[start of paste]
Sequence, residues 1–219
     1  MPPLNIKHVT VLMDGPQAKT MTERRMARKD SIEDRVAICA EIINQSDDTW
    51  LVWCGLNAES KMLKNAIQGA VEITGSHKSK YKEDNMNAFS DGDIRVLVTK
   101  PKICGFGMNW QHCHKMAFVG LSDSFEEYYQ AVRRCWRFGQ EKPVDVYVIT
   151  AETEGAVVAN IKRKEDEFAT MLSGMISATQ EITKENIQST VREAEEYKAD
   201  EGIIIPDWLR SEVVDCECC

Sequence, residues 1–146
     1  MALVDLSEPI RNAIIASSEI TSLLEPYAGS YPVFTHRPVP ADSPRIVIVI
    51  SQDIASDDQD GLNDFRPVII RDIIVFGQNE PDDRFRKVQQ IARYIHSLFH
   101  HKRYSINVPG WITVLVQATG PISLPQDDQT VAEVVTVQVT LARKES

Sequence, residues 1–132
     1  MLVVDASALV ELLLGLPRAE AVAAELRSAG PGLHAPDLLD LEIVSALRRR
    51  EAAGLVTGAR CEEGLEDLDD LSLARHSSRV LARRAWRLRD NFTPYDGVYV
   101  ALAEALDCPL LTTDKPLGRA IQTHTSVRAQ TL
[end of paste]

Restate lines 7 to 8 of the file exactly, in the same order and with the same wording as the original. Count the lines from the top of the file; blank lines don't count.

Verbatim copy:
Sequence, residues 1–146
     1  MALVDLSEPI RNAIIASSEI TSLLEPYAGS YPVFTHRPVP ADSPRIVIVI